My take is that I need to make art work to stay sane. If I spend more than a few days without doing something, my fingers start getting itchy. So, it was with interest that I stopped by this overhang on the way back to the cars from our rattle blessing ceremony to look under this overhang to see some of the petroglyphs that were there. These were out from most of the weather, so they could still be seen. I’ve drawn two red arrows onto my photo to point out some of the animal “drawings” that had been etched into the rocks. (Also notice the layers of small rocks above the arrows that looked for all the world like teeth to me.) However, about 155 miles north from where I was are the largest concentration of petroglyphs in the Northern Hemisphere. The following photos were all shot by my friend. Jeff Cannon.
This is part of Little Petroglyph Canyon, on the China Lake Naval Weapons Station. As you walk the length of the canyon, the petroglyphs have been etched into the rocks. There are over 6,000 images that date from 16,000 years ago to the 1800s. Varying in size, there are some that are no bigger than a person’s hand while others stretch as tall as about 12′ or 4 m. Weather, time, and the hot sun causes a patina to change the quality of the drawings, with the newest usually being lighter in color.
These figures appear to be human like. They could have been important members of the people who created them, or they could be deities. Debates range as to the meanings of many of the pictures, as to whether they might have been “portraits” of the artists (“I made this!”) or pleas for Divine interventions.
These drawings of animals seem to have been made in layers on top of layers. Perhaps they were made to commemorate a successful hunt that was wanted to be duplicated. Perhaps, the animals of a certain kind were being hunted to extinction in the area, and these were prayers for more to be born in a time when few animals were domesticated. There does seem to be a need to have something replicated, as there are the layers here that aren’t in other petroglyph sites in the area.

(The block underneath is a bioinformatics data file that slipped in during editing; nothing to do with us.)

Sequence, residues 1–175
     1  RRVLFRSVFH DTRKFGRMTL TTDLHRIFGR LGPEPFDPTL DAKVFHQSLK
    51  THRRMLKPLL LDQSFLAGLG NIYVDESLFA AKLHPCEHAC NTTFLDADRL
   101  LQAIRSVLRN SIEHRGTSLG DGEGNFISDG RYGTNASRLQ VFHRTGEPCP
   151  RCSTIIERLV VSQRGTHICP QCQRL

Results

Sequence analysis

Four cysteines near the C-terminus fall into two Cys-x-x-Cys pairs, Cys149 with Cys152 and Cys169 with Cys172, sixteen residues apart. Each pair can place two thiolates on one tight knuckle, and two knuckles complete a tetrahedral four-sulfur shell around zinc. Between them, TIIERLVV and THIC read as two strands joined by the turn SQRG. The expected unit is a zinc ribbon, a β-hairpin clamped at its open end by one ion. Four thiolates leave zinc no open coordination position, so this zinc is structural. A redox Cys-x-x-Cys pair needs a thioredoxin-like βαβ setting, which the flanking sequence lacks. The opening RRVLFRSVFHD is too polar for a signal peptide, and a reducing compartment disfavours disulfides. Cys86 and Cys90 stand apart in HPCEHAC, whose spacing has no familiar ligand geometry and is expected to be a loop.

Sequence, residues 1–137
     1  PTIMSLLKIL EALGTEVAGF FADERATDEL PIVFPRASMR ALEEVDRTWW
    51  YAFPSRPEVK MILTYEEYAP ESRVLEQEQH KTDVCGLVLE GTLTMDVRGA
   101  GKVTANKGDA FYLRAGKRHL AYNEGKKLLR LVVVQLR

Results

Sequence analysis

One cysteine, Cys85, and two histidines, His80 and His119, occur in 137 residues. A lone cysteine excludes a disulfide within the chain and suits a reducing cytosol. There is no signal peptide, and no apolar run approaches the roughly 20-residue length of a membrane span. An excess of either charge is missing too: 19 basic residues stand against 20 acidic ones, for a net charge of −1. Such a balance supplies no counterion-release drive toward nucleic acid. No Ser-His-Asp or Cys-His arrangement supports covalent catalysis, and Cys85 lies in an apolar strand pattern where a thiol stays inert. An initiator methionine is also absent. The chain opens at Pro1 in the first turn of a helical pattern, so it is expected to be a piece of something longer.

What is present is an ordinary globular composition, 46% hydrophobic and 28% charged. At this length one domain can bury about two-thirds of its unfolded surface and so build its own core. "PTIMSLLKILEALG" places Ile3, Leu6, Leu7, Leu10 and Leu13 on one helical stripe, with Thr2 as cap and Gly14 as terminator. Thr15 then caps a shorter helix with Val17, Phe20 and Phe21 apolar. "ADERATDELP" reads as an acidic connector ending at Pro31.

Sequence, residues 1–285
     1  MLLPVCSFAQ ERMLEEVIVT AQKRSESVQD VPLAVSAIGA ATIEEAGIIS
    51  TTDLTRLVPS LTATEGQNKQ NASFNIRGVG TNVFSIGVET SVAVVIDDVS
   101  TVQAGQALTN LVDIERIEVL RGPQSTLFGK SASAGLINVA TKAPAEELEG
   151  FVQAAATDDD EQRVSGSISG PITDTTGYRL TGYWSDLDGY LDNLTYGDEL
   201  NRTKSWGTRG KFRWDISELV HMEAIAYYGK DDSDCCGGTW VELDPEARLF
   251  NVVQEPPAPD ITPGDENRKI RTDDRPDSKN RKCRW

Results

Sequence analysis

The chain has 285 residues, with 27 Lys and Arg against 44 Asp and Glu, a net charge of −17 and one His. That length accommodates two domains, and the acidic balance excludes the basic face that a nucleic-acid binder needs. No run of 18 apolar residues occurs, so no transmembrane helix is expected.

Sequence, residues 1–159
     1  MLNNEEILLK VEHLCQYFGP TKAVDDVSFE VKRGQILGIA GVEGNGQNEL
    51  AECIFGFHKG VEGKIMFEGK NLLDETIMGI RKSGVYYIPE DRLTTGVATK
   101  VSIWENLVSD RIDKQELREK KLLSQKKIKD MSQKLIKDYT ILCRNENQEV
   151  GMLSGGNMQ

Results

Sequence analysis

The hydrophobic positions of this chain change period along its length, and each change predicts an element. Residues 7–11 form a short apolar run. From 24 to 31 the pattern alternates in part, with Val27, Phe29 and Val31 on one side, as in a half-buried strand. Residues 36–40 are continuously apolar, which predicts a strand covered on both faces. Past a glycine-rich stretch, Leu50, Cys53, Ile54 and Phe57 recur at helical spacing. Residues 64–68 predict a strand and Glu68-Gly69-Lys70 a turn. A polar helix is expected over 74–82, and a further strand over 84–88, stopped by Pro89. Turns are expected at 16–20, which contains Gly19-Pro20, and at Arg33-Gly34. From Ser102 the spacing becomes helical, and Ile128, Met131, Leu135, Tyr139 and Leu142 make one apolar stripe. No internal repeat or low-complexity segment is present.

The last photo below shows an outcropping that seems to depict people, animals, and symbols. One could speculate that the circle is a sun symbol, the giver of Life in many cultures, or perhaps a sacred shield that was used for protection during the hunt. Another possibility is that it’s a drum head, used in religious ceremonies.
For myself, I often include deliberate symbols in my art work, such as the use of round buttons that for me are about the Circle of Life. To someone else, they’re just round shapes. While I always enjoy what other people see in my artwork, I usually am just communing with my materials and don’t have a lot of obvious symbolism. What were the intentions of the people that made these will never be totally understood. However, I feel that the pieces speak of the undeniable need of people to communicate through art. Sometimes, a picture really is worth a thousand words.
PLEASE NOTE: Tours of the petroglyphs must be made in advance. The terrain is rough and there are a number of considerations that must be obeyed, so please check the link for details before planning a visit.
Which emotions or symbols do you find that you often convey in your art work? Are you leaving records of what you were trying to say, or will you leave it to future generations to interpret what you wanted to say?
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